“Achy Breaky 2” allows us once again to face the new music dilemma of whether a song is successful despite being bad, or because of it, and what this could mean for the future of music. In October of 2012 when Billboard modernized their chart rules, concerns were raised that including certain aspects of new media into the chart mix might make gauging the intent of listeners difficult. This was the question asked when the Brad Paisley / LL Cool J collaboration “Accidental Racist” appeared on Billboard’s country charts in the wake of an embrolio about the song in the media, including the lampooning of the track in skits by Saturday Night Live and by Stephen Colbert. Even though the song was never released as a single, the curiosity and car crash factor led to a successful chart performance, outperforming Paisley’s current single at the time.
Troubled about where this trend might lead, Saving Country Music pointed out,
One problem with Billboard’s new system, and many digital metrics we use to gauge popularity these days, is their ability to measure intent….People seeking to hear [“Accidental Racist’] for themselves downloaded it, or took to their music subscription service of choice to see what all the fuss was about, driving the metrics of the song up for the wrong reasons. Along with the trappings this paradigm presents currently, the next question is will there be artists who create songs simply because they know they will be either controversial or considered bad?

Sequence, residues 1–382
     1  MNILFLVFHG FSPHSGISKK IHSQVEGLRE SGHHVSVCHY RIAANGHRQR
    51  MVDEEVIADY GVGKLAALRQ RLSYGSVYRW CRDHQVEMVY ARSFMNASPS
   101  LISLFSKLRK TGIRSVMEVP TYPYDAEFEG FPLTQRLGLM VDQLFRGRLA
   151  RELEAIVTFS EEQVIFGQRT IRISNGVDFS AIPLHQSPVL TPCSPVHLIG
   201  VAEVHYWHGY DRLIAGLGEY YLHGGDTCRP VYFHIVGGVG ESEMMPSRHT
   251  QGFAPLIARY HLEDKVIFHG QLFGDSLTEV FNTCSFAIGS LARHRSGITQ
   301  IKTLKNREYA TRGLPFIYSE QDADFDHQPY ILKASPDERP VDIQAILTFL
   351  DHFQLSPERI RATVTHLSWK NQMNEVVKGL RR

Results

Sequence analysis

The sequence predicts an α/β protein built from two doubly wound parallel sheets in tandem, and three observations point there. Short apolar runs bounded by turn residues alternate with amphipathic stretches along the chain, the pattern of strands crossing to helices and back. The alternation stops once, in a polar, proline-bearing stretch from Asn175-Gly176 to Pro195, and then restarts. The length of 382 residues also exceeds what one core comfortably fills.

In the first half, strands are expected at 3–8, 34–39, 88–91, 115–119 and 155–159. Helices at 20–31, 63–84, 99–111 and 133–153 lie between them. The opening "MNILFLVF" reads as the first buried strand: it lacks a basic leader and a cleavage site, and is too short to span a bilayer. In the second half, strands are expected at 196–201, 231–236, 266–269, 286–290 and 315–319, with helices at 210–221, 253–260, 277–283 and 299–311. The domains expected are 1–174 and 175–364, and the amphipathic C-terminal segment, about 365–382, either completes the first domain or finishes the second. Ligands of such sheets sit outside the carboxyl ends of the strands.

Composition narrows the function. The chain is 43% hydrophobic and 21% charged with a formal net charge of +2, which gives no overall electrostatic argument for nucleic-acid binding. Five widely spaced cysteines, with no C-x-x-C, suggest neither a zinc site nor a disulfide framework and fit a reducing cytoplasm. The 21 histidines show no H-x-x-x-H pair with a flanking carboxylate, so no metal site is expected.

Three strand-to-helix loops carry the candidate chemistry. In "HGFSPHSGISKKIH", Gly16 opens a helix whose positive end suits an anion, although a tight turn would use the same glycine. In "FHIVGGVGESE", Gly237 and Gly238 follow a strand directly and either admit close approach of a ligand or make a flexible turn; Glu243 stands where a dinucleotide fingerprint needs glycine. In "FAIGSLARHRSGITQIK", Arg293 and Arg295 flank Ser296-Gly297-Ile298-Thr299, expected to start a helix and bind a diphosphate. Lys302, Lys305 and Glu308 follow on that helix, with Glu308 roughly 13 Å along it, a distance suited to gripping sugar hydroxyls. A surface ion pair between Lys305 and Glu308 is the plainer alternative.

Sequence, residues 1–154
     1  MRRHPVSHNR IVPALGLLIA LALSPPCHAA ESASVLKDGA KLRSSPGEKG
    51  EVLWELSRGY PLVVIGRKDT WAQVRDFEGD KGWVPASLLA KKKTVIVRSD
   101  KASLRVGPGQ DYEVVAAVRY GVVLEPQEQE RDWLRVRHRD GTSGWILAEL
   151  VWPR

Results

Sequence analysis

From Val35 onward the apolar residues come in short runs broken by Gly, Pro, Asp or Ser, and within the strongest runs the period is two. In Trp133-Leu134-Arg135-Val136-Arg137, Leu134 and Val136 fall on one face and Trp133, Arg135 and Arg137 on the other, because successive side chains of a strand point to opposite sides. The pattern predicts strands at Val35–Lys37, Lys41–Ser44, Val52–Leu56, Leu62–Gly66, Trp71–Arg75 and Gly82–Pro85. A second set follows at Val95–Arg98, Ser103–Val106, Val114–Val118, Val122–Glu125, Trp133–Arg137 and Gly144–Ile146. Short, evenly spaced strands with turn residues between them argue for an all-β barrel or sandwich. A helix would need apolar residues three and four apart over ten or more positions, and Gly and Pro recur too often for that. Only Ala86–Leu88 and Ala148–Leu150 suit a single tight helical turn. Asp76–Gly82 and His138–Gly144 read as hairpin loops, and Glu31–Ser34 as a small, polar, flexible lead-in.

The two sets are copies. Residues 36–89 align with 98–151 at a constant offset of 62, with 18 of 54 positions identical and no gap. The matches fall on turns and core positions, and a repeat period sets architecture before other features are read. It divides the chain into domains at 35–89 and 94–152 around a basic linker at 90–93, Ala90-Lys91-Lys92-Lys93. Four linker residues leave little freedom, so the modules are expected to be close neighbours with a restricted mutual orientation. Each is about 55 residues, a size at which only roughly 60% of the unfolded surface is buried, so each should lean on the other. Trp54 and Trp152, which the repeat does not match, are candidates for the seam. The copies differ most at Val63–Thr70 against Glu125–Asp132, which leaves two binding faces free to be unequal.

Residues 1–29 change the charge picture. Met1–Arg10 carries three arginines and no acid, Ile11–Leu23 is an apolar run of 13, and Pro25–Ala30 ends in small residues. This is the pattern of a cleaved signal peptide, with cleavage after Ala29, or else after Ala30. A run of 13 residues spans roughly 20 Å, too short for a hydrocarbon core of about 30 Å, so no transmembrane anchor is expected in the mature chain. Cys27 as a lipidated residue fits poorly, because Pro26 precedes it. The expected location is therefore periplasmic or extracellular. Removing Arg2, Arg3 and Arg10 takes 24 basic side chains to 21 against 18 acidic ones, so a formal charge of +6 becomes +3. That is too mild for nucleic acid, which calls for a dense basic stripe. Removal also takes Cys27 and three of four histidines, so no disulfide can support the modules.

That concern was taken one step further when in February of 2013, Billboard changed their rules again to reflect YouTube data. This later rule is what has specifically allowed “Achy Breaky 2” to register on multiple Billboard charts, without selling a significant amount of downloads, and without receiving any sizable radio play. “Accidental Racist” wasn’t accompanied by a video, and wasn’t released purposely to be lampooned and draw attention to itself; it was simply an album cut that became the subject of interest and ridicule naturally.
Because of the amount of YouTube views “Achy Breaky 2″ achieved, the song debuted at #11 on Billboard’s Hot Rap songs chart, and #16 on the Streaming Songs chart. But is this a fair chart assessment for a song that the majority of listeners/viewers consumed simply to point and laugh at it?”
As Saving Country Music said at the time of Billboard’s YouTube rule change,
What Billboard’s YouTube data does not consider is quality, and the curiosity factor. Whereas songs on the radio, or songs that people purchase are being consumed because the public has deemed them appealing, music on YouTube can sometimes go viral for how bad or polarizing or offensive it is. Take for example Rebecca Black’s “Friday.” The song would have rocketed to #1 on the charts under this rule, yet the majority of the viewers of the video drew an unfavorable reaction to it. It was the car wreck factor that forced the song viral. This means that songs could chart because the public vehemently hates them instead of liking them.
And this is exactly what has happened with “Achy Breaky 2”, resulting in the edging out more relevant and appealing material on the charts.